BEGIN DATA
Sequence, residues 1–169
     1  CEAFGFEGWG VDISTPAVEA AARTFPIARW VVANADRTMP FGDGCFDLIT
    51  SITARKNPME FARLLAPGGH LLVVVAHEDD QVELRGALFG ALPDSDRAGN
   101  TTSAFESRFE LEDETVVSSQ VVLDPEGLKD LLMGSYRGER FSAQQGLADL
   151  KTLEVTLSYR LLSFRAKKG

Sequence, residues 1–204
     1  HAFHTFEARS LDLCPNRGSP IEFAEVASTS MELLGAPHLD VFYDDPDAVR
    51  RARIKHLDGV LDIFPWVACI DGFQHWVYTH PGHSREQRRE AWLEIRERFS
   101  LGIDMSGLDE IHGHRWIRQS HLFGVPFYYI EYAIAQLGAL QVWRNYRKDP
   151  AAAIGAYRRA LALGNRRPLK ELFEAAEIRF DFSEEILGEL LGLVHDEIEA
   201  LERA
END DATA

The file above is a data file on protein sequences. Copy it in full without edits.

Sequence, residues 1–169
     1  CEAFGFEGWG VDISTPAVEA AARTFPIARW VVANADRTMP FGDGCFDLIT
    51  SITARKNPME FARLLAPGGH LLVVVAHEDD QVELRGALFG ALPDSDRAGN
   101  TTSAFESRFE LEDETVVSSQ VVLDPEGLKD LLMGSYRGER FSAQQGLADL
   151  KTLEVTLSYR LLSFRAKKG

Sequence, residues 1–204
     1  HAFHTFEARS LDLCPNRGSP IEFAEVASTS MELLGAPHLD VFYDDPDAVR
    51  RARIKHLDGV LDIFPWVACI DGFQHWVYTH PGHSREQRRE AWLEIRERFS
   101  LGIDMSGLDE IHGHRWIRQS HLFGVPFYYI EYAIAQLGAL QVWRNYRKDP
   151  AAAIGAYRRA LALGNRRPLK ELFEAAEIRF DFSEEILGEL LGLVHDEIEA
   201  LERA